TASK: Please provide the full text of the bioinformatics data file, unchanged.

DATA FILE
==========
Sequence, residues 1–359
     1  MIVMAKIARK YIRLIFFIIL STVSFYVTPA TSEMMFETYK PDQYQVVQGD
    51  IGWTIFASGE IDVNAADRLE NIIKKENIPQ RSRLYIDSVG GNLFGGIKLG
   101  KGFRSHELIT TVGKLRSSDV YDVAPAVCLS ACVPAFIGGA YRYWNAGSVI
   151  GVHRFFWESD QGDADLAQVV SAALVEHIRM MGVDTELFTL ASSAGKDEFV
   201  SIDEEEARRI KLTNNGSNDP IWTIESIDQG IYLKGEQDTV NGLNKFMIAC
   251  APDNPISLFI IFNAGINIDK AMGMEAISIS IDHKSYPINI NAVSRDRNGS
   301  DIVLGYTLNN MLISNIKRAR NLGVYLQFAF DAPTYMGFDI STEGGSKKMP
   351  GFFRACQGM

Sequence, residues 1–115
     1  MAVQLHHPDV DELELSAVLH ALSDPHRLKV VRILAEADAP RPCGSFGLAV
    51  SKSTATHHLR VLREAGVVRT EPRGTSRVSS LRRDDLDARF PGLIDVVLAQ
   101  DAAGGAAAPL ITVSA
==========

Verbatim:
Sequence, residues 1–359
     1  MIVMAKIARK YIRLIFFIIL STVSFYVTPA TSEMMFETYK PDQYQVVQGD
    51  IGWTIFASGE IDVNAADRLE NIIKKENIPQ RSRLYIDSVG GNLFGGIKLG
   101  KGFRSHELIT TVGKLRSSDV YDVAPAVCLS ACVPAFIGGA YRYWNAGSVI
   151  GVHRFFWESD QGDADLAQVV SAALVEHIRM MGVDTELFTL ASSAGKDEFV
   201  SIDEEEARRI KLTNNGSNDP IWTIESIDQG IYLKGEQDTV NGLNKFMIAC
   251  APDNPISLFI IFNAGINIDK AMGMEAISIS IDHKSYPINI NAVSRDRNGS
   301  DIVLGYTLNN MLISNIKRAR NLGVYLQFAF DAPTYMGFDI STEGGSKKMP
   351  GFFRACQGM

Sequence, residues 1–115
     1  MAVQLHHPDV DELELSAVLH ALSDPHRLKV VRILAEADAP RPCGSFGLAV
    51  SKSTATHHLR VLREAGVVRT EPRGTSRVSS LRRDDLDARF PGLIDVVLAQ
   101  DAAGGAAAPL ITVSA